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(France: first half of 14th century). 110 x 82 mm. (4 3/8 x 3 1/4"). Single column, 12 lines in a gothic book hand.
Rubrics in red, line enders in pink and blue with gold accents, each leaf with one or more one-line initials in blue with red penwork or gold with blue penwork, most leaves with one two-line initial painted blue or pink, filled with either decorative shapes or INHABITED BY A HUMAN HEAD, all on a gold ground, one side of each leaf WITH A FULL OR NEAR-FULL BORDER composed of pink and blue tendrils accompanied by spikey gold decoration and gold accents, often terminating in ivy leaves, and incorporating CHARMING EXAMPLES OF MARGINALIA, INCLUDING ANIMALS, HUMAN HEADS, AND HYBRIDS. Leaves with either small sections excised by a former owner or noticeable staining or smudging affecting several lines of text and disrupting the decoration, (one leaf with a combination of the two), but many leaves with one or more examples of marginalia still intact and well preserved, most with very bright colors and sparkling gold, and retaining much of their original charm.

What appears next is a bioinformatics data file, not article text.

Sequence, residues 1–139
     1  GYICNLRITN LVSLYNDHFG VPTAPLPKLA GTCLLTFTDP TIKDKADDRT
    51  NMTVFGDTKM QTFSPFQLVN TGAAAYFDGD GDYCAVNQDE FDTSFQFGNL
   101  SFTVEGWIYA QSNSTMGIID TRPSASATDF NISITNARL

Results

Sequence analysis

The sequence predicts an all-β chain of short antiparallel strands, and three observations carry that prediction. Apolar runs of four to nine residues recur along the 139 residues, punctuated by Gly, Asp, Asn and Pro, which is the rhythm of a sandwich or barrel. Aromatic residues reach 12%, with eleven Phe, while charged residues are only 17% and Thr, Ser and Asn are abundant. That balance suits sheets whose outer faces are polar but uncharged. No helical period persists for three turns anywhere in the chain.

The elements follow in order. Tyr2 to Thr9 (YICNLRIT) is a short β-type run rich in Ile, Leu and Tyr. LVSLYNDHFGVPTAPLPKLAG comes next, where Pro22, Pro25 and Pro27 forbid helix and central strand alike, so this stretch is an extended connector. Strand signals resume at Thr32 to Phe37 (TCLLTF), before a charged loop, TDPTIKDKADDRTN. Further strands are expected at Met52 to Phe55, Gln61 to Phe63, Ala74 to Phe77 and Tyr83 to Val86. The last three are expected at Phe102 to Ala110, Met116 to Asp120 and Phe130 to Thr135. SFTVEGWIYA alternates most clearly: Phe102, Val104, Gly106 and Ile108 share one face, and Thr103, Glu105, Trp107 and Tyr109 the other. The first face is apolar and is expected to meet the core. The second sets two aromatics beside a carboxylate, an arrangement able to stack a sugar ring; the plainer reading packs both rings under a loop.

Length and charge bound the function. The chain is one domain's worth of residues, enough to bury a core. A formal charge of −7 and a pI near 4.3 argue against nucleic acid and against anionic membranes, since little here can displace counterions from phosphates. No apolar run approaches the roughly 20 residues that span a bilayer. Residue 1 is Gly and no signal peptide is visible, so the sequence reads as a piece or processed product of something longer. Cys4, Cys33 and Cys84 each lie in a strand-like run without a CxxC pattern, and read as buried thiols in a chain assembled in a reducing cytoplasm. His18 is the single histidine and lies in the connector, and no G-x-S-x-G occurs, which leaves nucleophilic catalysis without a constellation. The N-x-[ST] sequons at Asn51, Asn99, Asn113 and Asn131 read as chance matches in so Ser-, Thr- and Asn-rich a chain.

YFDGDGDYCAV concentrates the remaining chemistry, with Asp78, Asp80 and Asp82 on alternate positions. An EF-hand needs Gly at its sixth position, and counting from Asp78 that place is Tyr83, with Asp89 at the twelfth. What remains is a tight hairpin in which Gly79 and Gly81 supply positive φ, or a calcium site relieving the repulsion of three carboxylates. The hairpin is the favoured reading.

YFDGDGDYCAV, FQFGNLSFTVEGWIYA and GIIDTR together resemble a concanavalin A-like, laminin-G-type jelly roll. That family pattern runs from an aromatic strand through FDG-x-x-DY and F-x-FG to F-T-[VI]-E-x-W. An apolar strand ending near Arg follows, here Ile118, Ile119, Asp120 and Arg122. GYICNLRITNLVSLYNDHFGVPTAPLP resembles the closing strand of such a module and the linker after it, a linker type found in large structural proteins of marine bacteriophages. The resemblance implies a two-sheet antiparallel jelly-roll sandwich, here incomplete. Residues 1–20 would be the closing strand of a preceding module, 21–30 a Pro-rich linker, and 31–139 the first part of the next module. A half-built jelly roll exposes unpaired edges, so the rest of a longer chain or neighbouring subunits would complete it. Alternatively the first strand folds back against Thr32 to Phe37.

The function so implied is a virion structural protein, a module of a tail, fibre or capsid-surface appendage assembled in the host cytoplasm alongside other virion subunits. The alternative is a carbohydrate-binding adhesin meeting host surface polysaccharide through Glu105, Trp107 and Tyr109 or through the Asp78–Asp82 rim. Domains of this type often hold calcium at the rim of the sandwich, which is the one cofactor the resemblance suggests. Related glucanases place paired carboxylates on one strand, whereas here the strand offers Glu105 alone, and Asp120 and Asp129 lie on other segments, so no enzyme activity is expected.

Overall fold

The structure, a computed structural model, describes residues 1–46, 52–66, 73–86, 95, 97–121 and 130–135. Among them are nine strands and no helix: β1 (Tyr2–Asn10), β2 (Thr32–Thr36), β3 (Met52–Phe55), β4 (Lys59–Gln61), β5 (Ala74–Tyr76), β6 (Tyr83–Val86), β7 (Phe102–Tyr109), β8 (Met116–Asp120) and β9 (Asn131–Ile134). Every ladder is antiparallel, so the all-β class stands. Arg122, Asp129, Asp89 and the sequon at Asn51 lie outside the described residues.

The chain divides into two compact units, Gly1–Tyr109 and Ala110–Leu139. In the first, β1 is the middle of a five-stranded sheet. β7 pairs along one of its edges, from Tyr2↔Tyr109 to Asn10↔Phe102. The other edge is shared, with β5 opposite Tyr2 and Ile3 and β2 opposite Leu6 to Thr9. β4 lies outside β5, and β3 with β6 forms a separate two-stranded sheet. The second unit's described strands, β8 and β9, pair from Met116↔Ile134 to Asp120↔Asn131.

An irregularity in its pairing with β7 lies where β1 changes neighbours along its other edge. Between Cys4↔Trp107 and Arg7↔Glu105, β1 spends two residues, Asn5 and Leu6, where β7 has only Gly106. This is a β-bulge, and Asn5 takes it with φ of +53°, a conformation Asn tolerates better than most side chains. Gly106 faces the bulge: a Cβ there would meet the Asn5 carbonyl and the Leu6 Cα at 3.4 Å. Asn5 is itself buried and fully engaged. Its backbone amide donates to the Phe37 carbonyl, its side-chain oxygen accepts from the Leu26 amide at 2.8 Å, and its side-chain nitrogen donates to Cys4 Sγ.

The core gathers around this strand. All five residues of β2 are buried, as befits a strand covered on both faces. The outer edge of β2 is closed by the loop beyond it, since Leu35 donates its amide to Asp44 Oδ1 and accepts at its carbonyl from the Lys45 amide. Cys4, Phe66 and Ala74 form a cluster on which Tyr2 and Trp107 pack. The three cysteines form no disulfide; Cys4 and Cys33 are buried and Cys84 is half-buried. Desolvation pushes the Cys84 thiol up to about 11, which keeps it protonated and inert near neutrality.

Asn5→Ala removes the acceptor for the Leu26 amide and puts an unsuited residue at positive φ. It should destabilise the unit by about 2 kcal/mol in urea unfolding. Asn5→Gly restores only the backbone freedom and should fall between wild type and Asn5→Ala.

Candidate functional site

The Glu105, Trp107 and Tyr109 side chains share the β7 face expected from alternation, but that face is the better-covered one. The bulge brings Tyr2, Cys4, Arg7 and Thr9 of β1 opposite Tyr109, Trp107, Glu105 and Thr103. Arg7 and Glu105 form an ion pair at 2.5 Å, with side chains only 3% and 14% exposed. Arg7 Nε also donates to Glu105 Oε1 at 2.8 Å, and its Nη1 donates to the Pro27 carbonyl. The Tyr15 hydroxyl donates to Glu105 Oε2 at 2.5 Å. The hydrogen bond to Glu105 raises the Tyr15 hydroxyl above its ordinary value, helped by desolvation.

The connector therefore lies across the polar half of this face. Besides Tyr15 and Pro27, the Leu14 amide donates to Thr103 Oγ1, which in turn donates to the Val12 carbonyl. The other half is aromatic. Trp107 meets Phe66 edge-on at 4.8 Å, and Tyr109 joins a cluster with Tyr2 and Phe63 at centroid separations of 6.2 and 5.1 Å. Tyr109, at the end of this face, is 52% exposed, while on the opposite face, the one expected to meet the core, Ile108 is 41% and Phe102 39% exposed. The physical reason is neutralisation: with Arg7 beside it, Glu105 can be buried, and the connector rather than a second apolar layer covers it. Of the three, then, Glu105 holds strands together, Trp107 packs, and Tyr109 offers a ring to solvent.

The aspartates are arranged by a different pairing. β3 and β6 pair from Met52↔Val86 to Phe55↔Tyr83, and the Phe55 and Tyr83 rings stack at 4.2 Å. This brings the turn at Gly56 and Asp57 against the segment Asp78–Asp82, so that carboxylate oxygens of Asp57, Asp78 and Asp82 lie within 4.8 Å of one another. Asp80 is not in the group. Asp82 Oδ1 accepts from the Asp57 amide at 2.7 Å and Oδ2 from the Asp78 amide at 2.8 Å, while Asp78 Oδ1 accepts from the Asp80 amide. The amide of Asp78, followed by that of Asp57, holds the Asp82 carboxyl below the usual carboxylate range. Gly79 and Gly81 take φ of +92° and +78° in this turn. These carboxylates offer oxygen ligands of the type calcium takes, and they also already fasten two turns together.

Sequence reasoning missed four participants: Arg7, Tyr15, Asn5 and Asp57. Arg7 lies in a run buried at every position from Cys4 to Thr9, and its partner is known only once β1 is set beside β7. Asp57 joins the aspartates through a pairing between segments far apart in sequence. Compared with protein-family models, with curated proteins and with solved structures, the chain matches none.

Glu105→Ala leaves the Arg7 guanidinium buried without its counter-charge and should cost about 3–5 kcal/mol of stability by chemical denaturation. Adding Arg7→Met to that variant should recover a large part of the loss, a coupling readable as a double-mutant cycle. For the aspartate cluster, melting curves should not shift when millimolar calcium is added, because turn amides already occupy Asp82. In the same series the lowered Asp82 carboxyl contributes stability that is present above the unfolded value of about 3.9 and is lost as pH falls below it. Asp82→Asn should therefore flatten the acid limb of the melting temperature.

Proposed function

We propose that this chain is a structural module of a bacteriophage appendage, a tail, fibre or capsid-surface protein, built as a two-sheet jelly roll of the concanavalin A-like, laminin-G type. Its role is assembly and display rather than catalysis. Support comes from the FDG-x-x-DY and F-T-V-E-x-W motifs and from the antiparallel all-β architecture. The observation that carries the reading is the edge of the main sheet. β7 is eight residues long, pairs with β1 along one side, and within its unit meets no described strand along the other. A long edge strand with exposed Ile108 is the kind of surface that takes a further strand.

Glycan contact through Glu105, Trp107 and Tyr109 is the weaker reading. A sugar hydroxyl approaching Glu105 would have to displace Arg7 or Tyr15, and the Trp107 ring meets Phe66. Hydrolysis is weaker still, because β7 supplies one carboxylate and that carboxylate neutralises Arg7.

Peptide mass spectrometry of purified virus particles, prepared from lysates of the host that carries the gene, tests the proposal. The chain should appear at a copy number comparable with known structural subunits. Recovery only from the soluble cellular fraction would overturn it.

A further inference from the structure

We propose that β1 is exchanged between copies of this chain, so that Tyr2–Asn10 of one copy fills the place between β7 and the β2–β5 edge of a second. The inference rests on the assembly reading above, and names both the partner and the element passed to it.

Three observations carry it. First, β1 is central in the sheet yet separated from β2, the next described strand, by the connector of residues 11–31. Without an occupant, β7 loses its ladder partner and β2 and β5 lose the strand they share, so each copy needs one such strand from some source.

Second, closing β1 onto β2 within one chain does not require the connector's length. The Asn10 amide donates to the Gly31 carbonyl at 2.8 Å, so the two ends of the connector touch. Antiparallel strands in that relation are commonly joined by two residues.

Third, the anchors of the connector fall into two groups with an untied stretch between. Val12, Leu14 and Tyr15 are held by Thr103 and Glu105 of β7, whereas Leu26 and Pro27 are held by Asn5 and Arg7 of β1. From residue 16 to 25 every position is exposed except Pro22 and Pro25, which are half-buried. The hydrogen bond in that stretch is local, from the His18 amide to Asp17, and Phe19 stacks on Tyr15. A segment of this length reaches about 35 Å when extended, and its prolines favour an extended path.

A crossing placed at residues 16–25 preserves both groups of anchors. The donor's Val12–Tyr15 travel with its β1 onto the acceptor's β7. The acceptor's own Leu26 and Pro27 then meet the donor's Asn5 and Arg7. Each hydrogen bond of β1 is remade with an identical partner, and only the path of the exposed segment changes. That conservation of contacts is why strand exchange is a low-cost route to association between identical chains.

Though diminutive in size, these leaves contain enormously appealing marginal decoration in the form of humans, animals, and hybrid creatures inventively incorporated into the lively borders in manners that range from adorable to bizarre. Especially popular in Flanders, Northern France, and England during the 13th and 14th centuries, marginalia such as these comprise some of the most memorable and entertaining images to be found in any Medieval manuscripts. Despite being found largely in religious books, such as Psalters and Books of Hours, the images are often strange, humorous, or even outrageous, and they provide us with consistent delight. Being by definition outside of the central text or miniature, the margins seem to have been a place where illuminators felt more at ease to experiment, resulting in highly imaginative and unique artistic expressions. The present specimens come from a fragmentary manuscript, with many leaves either missing or rendered defective, where portions of the vellum were cut away, as here. Fortunately, these leaves retain some nice imagery, including birds, a dog on its hind legs, human heads attached to the ends of border tendrils, hybrid creatures with the heads of humans and the bodies of two-legged beasts, and a trumpeter with a particularly long instrument. Though not without some condition issues, these leaves present an excellent opportunity to acquire some appealing examples of marginalia at an affordable price. For additional leaves from this same manuscript at different price points, please check our website. (ST16985E)